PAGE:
What makes safety shoes safe? Pt 1: The Sole

There are many elements that go into making safety footwear, and they all play their part in offering protection against different workplace hazards. In an earlier blog, we looked at the different types of toecap protection and compared the merits of aluminium, steel and composite toecaps in safety boots and shoes. 

In this first part of our new series exploring what makes safety shoes safe, we turn our attention to another essential part of protective footwear – the sole.

Sole composition

The soles of safety boots, shoes and trainers are made up of three parts: the insole, the outsole and the midsole.

The outsole

The outsole is the part of the shoe, boot or trainer that comes into contact with the ground when you walk. Outsoles are normally dual density and mostly made from polyurethane (PU), thermoplastic polyurethane (TPU), ethylene-vinyl acetate (EVA) or rubber (nitrile rubber). Each material has benefits in different environments: they differ in terms of slip resistance, comfort, durability and level of protection from heat or chemicals. Wearers should choose the material which offers the best protection for their working environment.

Dual density vs single/mono density
Dual density soles are made up of two layers, the most common being two layers of PU: a softer, thicker layer on the inside for comfort, and a thinner, harder layer on the outside for durability and grip. Mono density soles – with a single layer of PU – are lighter weight but must by necessity prioritise the harder compound layer, meaning they may be less comfortable to wear and will certainly be less durable especially in heavy use applications.


The insole

Made from pulp fibres, leather or non-woven materials, the insole is the part of a shoe that comes into contact with the wearer’s foot. Often made with a cushioning material to aid shock absorption and provide extra comfort to the wearer, its primary functions are to ensure contact resistance and remove moisture, enabling the footwear to dry quickly. Insoles can provide shock absorption at the heel or at the front of the foot, depending on requirements. Removable insoles may also provide support for the arch of the foot, but care should be taken when selecting one as it may interfere with the protective properties of the shoe. This is the case when removable insoles are added to ESD or antistatic shoes.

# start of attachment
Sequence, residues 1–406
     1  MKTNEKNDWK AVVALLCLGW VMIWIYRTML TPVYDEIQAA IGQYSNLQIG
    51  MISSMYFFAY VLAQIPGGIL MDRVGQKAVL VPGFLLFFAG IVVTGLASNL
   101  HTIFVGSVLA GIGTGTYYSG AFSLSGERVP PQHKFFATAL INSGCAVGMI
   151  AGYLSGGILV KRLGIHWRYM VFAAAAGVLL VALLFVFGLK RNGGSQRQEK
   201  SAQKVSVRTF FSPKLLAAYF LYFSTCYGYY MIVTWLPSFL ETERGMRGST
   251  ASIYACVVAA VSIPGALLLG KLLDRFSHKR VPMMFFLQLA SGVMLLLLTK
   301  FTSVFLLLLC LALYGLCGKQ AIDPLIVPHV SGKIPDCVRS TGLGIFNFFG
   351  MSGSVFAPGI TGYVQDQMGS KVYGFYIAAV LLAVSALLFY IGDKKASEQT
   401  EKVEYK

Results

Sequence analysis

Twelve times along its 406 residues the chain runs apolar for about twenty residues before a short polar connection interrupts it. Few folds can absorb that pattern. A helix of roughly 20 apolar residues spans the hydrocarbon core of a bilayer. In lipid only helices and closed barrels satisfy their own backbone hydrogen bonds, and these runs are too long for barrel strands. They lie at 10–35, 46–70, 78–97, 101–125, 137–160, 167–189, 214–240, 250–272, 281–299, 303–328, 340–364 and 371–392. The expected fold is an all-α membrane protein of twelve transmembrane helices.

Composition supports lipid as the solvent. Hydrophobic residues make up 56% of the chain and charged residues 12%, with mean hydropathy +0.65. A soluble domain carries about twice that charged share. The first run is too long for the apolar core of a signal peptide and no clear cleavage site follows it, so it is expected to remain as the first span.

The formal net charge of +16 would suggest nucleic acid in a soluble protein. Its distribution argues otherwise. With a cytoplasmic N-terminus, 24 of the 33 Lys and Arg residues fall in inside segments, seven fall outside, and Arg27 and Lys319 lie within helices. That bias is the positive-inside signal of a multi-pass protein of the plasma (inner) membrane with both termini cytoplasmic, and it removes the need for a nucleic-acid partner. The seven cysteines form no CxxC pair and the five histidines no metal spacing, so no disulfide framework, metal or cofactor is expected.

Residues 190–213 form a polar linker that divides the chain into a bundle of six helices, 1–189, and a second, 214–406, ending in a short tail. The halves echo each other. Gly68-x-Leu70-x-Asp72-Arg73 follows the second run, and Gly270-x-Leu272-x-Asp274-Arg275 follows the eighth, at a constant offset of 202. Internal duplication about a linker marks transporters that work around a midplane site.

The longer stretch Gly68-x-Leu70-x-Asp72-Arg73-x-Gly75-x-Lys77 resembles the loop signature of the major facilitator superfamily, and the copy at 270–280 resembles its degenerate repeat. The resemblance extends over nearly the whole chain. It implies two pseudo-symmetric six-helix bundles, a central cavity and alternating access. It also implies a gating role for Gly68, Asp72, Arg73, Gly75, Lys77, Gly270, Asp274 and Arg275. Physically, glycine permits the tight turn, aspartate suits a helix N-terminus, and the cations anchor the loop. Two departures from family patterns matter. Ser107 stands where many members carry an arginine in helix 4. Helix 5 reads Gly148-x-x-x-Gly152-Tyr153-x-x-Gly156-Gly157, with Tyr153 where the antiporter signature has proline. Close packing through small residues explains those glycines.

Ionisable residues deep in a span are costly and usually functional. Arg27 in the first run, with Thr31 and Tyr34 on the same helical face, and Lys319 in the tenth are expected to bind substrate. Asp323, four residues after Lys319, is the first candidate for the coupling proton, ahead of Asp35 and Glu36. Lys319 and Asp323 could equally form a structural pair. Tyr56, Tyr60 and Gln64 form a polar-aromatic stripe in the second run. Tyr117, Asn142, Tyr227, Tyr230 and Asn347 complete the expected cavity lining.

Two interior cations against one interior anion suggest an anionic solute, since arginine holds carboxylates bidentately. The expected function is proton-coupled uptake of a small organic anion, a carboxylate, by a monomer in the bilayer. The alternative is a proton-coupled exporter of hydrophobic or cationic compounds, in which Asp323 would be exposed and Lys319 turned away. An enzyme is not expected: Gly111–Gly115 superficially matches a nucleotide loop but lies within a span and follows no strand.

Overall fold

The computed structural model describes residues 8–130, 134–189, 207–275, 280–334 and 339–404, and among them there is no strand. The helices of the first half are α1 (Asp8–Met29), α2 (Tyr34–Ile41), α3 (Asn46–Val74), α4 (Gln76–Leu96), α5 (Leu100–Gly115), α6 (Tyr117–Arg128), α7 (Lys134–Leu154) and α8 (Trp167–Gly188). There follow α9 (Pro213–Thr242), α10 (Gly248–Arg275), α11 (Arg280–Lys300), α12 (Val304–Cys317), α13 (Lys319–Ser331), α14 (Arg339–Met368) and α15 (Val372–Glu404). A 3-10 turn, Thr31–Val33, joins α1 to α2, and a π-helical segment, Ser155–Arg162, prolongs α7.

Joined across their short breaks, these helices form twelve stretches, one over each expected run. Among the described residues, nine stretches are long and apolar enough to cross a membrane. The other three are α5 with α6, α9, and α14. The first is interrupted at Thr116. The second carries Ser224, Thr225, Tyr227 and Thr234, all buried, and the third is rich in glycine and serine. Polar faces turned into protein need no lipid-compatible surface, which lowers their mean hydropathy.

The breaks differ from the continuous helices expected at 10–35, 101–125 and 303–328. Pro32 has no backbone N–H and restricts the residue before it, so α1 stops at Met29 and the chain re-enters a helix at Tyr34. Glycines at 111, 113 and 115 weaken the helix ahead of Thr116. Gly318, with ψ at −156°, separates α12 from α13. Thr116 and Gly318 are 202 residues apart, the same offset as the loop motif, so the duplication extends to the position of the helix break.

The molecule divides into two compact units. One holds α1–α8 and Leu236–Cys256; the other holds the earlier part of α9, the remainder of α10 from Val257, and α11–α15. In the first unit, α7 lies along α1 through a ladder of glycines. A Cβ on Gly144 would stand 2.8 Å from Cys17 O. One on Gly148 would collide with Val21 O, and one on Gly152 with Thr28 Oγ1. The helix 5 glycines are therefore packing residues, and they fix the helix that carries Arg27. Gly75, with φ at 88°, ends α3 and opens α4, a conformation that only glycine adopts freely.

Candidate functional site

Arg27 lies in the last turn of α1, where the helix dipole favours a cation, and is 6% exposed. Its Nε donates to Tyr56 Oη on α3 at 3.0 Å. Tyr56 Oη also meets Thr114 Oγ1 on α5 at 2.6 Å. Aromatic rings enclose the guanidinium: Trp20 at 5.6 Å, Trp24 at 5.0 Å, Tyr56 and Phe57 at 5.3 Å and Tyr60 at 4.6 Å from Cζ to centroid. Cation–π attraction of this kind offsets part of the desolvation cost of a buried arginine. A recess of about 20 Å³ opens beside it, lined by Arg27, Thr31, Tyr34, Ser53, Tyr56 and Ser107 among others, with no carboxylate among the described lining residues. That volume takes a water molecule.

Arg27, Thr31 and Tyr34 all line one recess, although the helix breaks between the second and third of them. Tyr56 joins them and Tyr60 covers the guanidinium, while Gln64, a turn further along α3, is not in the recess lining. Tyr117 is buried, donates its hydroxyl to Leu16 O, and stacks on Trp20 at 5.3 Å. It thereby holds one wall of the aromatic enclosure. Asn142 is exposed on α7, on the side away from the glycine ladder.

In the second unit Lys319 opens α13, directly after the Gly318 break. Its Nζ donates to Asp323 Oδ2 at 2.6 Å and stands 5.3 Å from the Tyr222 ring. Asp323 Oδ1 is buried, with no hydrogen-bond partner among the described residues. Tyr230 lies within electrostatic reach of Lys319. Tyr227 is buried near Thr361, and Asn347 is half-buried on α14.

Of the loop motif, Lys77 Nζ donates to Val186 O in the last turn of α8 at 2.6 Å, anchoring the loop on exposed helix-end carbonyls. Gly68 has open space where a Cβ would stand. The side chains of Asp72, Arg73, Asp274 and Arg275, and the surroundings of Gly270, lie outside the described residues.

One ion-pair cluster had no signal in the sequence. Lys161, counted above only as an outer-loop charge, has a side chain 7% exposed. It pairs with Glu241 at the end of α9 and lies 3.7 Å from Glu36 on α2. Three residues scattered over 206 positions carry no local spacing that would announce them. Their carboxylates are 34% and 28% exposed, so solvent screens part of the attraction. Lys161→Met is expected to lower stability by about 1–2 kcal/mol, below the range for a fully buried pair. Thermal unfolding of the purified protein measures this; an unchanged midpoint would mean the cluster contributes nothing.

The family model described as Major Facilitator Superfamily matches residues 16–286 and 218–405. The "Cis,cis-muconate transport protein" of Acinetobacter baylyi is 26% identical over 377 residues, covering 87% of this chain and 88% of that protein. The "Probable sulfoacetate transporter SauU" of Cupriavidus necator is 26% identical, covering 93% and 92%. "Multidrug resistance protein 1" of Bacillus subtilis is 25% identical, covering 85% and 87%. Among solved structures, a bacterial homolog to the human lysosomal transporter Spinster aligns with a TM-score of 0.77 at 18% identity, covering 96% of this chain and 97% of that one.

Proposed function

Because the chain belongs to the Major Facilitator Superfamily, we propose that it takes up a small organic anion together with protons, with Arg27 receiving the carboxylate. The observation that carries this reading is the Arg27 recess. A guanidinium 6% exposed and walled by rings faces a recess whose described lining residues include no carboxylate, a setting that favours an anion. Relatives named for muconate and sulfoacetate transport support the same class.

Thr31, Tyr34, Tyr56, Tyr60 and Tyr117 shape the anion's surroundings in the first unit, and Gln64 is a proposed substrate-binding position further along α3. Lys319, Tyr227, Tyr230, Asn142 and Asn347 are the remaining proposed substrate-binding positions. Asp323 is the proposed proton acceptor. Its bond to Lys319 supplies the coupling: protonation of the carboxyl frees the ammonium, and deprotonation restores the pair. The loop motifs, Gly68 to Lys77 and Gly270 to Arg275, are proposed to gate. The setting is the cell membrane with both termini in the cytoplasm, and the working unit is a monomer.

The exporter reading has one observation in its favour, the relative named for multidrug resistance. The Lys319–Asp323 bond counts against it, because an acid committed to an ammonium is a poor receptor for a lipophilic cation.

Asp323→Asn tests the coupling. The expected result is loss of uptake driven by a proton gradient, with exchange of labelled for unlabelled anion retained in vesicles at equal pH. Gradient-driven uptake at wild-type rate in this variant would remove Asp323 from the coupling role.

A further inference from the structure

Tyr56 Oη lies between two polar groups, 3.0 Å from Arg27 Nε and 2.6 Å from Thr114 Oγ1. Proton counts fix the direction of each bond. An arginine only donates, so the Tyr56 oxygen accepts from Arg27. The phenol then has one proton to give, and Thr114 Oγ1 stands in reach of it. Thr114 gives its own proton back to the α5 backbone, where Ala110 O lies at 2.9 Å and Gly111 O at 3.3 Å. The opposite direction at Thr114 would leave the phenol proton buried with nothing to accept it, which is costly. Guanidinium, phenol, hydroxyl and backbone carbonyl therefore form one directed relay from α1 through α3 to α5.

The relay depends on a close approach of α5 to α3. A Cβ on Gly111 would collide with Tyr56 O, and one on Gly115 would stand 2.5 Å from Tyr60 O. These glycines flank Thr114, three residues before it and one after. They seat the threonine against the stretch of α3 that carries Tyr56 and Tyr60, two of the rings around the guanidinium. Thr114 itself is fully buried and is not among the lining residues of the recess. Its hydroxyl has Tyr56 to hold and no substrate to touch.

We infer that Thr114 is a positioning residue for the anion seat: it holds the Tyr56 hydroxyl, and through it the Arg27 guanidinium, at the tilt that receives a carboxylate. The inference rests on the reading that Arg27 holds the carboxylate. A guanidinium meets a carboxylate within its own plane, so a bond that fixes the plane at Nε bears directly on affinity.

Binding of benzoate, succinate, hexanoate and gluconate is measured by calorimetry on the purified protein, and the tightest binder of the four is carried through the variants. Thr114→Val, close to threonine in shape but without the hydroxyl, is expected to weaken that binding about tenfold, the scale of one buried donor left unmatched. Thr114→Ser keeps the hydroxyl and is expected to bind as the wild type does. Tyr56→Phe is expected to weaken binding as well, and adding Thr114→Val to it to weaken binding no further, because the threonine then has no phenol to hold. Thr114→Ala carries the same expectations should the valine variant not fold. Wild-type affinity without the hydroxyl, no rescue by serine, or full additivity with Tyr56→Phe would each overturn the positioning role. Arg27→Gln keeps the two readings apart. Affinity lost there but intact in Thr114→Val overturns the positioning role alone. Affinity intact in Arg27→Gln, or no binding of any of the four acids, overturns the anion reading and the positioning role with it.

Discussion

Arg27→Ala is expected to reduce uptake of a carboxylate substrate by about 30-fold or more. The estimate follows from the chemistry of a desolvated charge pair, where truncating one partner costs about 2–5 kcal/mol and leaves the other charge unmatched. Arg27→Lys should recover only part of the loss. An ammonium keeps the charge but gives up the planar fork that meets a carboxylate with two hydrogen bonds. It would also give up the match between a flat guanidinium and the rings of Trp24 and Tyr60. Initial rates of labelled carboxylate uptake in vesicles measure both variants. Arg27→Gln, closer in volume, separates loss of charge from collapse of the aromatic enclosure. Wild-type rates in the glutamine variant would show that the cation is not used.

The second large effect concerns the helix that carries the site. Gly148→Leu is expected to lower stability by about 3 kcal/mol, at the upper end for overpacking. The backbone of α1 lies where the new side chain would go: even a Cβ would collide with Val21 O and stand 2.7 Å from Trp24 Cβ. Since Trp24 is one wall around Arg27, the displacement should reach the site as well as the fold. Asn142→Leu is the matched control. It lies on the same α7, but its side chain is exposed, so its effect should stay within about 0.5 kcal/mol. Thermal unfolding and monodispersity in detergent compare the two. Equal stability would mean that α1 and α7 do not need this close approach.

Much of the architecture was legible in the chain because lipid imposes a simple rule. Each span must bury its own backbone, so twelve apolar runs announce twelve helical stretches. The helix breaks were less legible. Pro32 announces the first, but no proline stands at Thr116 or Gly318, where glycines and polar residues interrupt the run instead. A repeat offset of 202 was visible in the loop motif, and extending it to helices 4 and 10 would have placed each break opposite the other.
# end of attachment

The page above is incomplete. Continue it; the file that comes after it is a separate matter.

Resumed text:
The midsole

Protective midsoles, otherwise known as penetration-resistant midsoles, are made from either steel or composite textiles and are designed to protect wearers from injuries where there is a risk of stepping on a sharp object such as a nail. Steel midsoles normally sit within the outsole and composite midsoles sit between the outsole and the insole. They offer a similar level of protection against penetration by sharp objects, however as steel midsoles are completely embedded within the outsole construction, small areas around the edges of the sole remain unprotected. Due to the properties of metal, they will conduct cold, heat and electricity, which may make them unsuitable for wear in certain environments, including where workers must pass through metal detectors.

Textile inserts are significantly lighter, more flexible and more comfortable. They are hard-wearing, do not conduct electricity, and resist extreme heat and cold.

When purchasing steel midsoles, wearers should ensure they are made from stainless steel, which is resistant to corrosion, rather than coated carbon steel, which could become weakened by corrosion over time. As with all safety footwear, you should always buy from a trusted supplier.


At iSB Group, we are experts in safety workwear of all kinds, including footwear. Browse our range of protective footwear, including safety boots, safety shoes and safety trainers. Our experts are on hand to answer any questions you may have. Give us a call on 0121 749 4433 or email us.